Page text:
By Tom Cooley and Peter Rupert
Today’s release of the second estimate for Q3 by the Bureau of Economic Analysis (BEA) reveals an upward revision from 1.5% in the advance estimate to 2.1% for real GDP.
As pointed out in the release, “The upward revision to the percent change in real GDP primarily reflected an upward revision to
private inventory investment that was partly offset by downward revisions to PCE and to exports.” Personal consumption expenditure was revised down from 3.2% to 3.0%. The weakness in consumption and the higher than anticipated inventory investment are signs of weaknesses that are confirmed elsewhere.
In our last post we mentioned that what looked like some bad news was not so bad. This time, what looks like good news with the upward revision reveals some troubling signs for the future path of interest rate hikes. It seems that the Fed will do what the Fed will do this December, as there is not much in the way of strong evidence to not raise rates at the next meeting and there is a strong desire to move off the zero lower bound. But weaknesses in the recovery are likely to affect the future path of the federal funds rate. Moreover, this is now quite a “mature” if tepid recovery, as can be seen in the first chart below – other recoveries had expired this many quarters out.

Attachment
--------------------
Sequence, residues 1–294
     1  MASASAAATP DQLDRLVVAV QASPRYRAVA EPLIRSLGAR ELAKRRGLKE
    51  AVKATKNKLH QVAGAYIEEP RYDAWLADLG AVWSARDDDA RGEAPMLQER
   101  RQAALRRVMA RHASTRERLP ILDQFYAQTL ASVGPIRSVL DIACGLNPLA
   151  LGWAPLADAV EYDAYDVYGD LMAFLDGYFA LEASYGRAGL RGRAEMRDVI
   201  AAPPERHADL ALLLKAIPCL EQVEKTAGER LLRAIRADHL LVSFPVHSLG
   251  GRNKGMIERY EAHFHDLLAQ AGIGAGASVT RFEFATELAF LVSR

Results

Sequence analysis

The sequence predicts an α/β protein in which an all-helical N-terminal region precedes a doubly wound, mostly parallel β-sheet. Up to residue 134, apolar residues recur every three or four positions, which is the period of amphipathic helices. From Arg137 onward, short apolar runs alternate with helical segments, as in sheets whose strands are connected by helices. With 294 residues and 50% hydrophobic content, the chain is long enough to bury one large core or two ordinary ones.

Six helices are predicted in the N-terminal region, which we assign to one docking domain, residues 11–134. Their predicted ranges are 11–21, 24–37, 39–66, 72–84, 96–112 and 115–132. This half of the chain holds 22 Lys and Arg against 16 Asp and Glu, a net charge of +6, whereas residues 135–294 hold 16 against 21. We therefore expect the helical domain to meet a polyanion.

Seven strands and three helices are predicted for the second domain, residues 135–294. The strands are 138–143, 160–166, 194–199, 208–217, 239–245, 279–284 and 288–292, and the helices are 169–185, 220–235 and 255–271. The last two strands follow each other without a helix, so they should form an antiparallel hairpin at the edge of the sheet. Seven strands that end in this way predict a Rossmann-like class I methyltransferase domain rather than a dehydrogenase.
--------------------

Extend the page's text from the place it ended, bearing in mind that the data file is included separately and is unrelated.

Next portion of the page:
Consumption, investment and its components are all consistent with a continued, but weak, recovery; and this recovery is set in the context of a world economic order that is fragile and changing. Europe has continued to be slow to improve, Japan and China show signs of weakness and many emergent market economies are beset by the falls in commodity prices.
Weakness in Manufacturing
A strong dollar and aggressive monetary expansions elsewhere in the world have contributed to weakness in U.S. manufacturing. Industrial production has been weak over the past year or so and capacity utilization continues to be below the estimated “boom-bust” level of 82.5.
Barring a bad jobs report, the weakness in manufacturing is not likely to constrain the Fed from raising rates at its next meeting. But along with other factors it is likely to constrain the path of interest rates for some time to come.